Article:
In Chisom and Houston Lawyers' Association, the Court declined to address two substantive issues critical for pending and future litigation challenging the at-large election of state judges. The Court expressly stated that it would not decide the elements that must be proved to establish a violation of section 2 or the remedy that would be appropriate for a violation proven in the context of a judicial election. Part II will discuss the Chisom and Houston Lawyers' Association decisions. Analysis of these decisions, combined with a review of the legislative history, supports the Court's view of the amended section 2. In fact, there was no direct or indirect suggestion at any point in the extensive legislative history that Congress intended to exclude judicial elections from the coverage of section 2. Part III will address the liability issue left unanswered by the court. To determine whether the at-large election of judges violates section 2, the courts should apply the standards developed in Thornburg v. Gingles. The Gingles Court concluded that three threshold questions were critical to a challenge of an at-large election system. In order to prevail in a vote dilution case, plaintiffs were required to demonstrate that the minority population was geographically concentrated, politically cohesive, and that racial bloc voting existed in the jurisdiction. Additionally, the courts should utilize the factors identified in the Senate Judiciary Committee's report that accompanied the amendments to section 2. In Part IV, alternatives to at-large election systems will be examined to determine the appropriate remedy where a state's judicial election system violates section 2. Traditionally, the courts have remedied at-large election violations by creating smaller subdistricts where minority group members constitute a majority of the district. The article concludes that the courts should review at-large judicial systems utilizing the same criteria that have been developed in vote dilution challenges to other at-large election systems. Similarly, the remedial measures that have been employed to correct violations of section 2 in challenges to other at-large election systems should be equally applicable in the judicial context.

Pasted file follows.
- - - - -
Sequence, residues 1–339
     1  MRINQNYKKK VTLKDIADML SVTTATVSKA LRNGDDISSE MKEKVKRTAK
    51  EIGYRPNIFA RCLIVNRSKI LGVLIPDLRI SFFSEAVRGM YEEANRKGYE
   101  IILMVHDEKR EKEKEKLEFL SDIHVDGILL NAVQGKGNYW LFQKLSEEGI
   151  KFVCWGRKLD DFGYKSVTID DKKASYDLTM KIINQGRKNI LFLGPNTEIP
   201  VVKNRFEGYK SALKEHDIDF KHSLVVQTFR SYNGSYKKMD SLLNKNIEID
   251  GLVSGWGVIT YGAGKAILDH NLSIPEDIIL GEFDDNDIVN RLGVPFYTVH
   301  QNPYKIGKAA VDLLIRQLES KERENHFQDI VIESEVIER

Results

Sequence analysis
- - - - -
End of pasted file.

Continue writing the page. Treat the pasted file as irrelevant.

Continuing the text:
Randolph M. Scott-McLaughlin, Chisom v. Roemer: Where Do We Go from Here?, 24 Colum. Hum. Rts. L. Rev. 1 (1993), available at http://digitalcommons.pace.edu/lawfaculty/289/.